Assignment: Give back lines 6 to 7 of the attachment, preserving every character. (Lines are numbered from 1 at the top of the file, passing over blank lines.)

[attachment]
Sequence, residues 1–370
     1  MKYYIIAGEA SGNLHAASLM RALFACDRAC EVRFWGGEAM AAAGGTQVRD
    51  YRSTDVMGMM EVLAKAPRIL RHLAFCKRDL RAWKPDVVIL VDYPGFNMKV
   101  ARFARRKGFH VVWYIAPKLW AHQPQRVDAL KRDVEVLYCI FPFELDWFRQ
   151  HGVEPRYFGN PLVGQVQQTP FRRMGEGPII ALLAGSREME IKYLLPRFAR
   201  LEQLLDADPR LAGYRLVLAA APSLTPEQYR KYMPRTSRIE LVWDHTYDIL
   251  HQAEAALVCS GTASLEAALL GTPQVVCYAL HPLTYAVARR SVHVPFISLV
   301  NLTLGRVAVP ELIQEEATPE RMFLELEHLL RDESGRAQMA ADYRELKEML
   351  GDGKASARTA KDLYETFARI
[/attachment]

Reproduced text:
   201  LEQLLDADPR LAGYRLVLAA APSLTPEQYR KYMPRTSRIE LVWDHTYDIL
   251  HQAEAALVCS GTASLEAALL GTPQVVCYAL HPLTYAVARR SVHVPFISLV